Standard Interpretations - Table of Contents|
| Standard Number:||1910.120; 1926.65|
November 22, 1994
Ms. Jackie H. Ward
ENTERGY Gulf States Utilities
Post Office Box 2951
Beaumont, Texas 77704
Dear Ms. Ward:
Thank you for your letter of September 2, forwarded to the Occupational Safety and Health Administration's (OSHA's) Directorate of Compliance Programs from our Area Office in Baton Rouge, Louisiana, concerning the use of computer-based training to satisfy OSHA training requirements. In your letter, you ask a series of questions requesting clarification on whether the use of computer-based training is sufficient to comply with the minimum training requirements for initial employee training and retraining, in particular with regard to the number of hours of training required. We assume that your primary interest is in the training requirements of OSHA's Hazardous Waste Operations and Emergency Response Standard (HAZWOPER, 29 CFR 1910.120 and 1926.65), although you questions are also relevant to the training requirements of other OSHA standards. Each of the questions in your letter are answered in turn below.
Question 1. What is OSHA's position on computer-based training programs for cognitive training?
Answer: In OSHA's view, self-paced, interactive computer-based training can serve as a valuable training tool in the context of an overall training program. However, use of computer-based training by itself would not be sufficient to meet the intent of most of OSHA's training requirements, in particular those of HAZWOPER. Our position on this matter is essentially the same as our policy on the use of training videos, since the two approaches have similar shortcomings. OSHA urges employers to be wary of relying solely on generic, "packaged" training programs in meeting their training requirements. For example, training under HAZWOPER includes site-specific elements and should also, to some degree, be tailored to workers' assigned duties.
Safety and health training involves the presentation of technical material to audiences that typically have not had formal education in technical or scientific disciplines, such as in areas of chemistry or physiology. In an effective training program, it is critical that trainees have the opportunity to ask questions where material is unfamiliar to them. In a computer-based program, this requirements may be providing a telephone hotline so that trainees will have direct access to a qualified trainer.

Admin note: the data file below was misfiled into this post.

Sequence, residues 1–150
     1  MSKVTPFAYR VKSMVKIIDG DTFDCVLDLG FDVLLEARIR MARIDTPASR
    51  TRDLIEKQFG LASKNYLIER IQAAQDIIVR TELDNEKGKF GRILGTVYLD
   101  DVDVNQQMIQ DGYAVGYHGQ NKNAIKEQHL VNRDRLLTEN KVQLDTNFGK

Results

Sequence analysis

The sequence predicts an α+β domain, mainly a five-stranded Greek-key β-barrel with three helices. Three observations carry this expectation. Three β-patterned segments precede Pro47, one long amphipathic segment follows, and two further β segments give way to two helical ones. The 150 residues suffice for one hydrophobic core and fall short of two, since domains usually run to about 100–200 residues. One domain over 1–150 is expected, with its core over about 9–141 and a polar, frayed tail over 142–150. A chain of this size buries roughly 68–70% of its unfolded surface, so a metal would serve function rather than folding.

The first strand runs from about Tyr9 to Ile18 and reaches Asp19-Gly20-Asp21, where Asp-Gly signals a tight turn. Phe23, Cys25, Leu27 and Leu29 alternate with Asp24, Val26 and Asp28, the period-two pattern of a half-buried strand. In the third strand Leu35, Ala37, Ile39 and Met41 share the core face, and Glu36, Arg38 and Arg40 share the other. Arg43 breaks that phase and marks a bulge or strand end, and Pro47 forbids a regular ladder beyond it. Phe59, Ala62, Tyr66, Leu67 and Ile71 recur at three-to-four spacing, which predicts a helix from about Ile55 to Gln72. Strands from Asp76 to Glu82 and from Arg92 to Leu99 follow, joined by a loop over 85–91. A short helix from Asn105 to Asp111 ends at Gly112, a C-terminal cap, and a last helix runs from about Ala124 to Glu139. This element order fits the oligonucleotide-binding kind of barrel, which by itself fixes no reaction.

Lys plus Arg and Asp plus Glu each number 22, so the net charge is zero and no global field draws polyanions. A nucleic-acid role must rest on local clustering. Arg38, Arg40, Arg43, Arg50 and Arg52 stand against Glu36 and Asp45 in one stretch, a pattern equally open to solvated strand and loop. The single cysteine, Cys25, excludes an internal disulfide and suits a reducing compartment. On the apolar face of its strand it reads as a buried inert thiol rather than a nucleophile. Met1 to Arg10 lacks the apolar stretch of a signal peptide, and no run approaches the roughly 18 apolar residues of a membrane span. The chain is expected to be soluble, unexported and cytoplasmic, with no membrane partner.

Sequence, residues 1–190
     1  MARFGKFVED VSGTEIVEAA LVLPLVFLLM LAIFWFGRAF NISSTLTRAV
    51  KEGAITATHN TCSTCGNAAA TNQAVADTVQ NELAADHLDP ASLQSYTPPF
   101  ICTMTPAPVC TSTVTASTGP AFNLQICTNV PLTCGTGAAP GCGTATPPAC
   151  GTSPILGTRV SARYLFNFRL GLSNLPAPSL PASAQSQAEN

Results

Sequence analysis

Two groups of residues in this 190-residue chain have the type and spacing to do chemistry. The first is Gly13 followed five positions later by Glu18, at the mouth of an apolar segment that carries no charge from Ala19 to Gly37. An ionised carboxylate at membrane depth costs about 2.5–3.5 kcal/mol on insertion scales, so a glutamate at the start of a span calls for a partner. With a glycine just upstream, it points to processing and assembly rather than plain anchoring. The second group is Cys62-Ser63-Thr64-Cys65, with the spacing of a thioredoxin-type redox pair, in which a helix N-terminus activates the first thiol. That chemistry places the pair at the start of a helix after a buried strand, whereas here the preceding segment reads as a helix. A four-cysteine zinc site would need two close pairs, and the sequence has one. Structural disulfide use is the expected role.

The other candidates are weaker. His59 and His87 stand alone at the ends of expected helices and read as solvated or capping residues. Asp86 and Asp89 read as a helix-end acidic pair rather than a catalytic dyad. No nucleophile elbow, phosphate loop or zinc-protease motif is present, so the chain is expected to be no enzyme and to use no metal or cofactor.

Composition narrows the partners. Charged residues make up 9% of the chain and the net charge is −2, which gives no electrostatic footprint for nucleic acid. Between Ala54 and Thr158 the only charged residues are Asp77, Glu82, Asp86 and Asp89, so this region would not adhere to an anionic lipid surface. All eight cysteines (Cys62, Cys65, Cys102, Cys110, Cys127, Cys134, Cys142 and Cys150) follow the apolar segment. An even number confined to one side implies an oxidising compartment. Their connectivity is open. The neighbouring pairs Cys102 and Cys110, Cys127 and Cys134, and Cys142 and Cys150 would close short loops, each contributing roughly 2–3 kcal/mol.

Equally mportant is the use of hands-on training and exercises to provide trainees with an opportunity to become familiar with equipment and safe practices in a non-hazardous setting. Many industrial operations, and in particular hazardous waste operations, can involve many complex and hazardous tasks. It is imperative that employees be able to perform such tasks safely. Traditional, hands-on training is the preferred method to ensure that workers are prepared to safely perform these tasks. The purpose of hands-on training, for example in the donning and doffing of personal protective equipment, is two-fold: first, to ensure that workers have an opportunity to learn by experience, and second, to assess whether workers have mastered the necessary skills. It is unlikely that sole reliance on a computer-based training program is likely to achieve these objectives.
Thus, OSHA believes that computer-based training programs can be used as part of an effective safety and health training program to satisfy OSHA training requirements, provided that the program is supplemented by the opportunity for trainees to ask questions of a qualified trainer, and provides trainees with sufficienthands-on experience.
Question 2. How will computer-based training be compared to required hour training as set forth in 1910.120?
Where OSHA has specified a required duration represents, in OSHA's view, the minimum amount of training that will be needed for most trainees to acquire the necessary basic skills. For the reasons stated above, OSHA does not believe that the use of computer-based training will, in the majority of cases, enable trainees to achieve competency in substantially less time than the required minimum duration for training. Therefore, the use of computer-based training will not relieve employers of their obligation to ensure that employees receive the minimum require amount of training specified under HAZWOPER and other OSHAstandards.
Question 3. Will a computer-based program's outline and development material suffice for conventional training material documentation?
Answer: OSHA standards, and HAZWOPER in particular, do not specify the kinds of materials that must be developed and maintained to document that a course meets the minimum requirements for course content. Employers may use whatever documentation is necessary to document the content of a training course.
Question 4. Will computer-based tracking of training competence levels be documentation enough for the training or will a hard copy, signed document be required?
Answer: OSHA standards that require training generally contain a requirement for the employer to maintain records of employee training; these records may be kept in any form deemed appropriate by the employer, so long as the records are readily accessible to the employer, employees and their representatives, and to OSHA. However, note that the HAZWOPER standard contains a unique requirement in that employees must be provided a certificate upon the successful completion of initial training; this is best accomplished by the use of hard copy.
We hope that this information is helpful. If you have any further questions, please feel free to contact the [Office of Health Enforcement at (202) 693-2190].
Ruth E. McCully, Director
[Office of Health Enforcement]
Standard Interpretations - Table of Contents|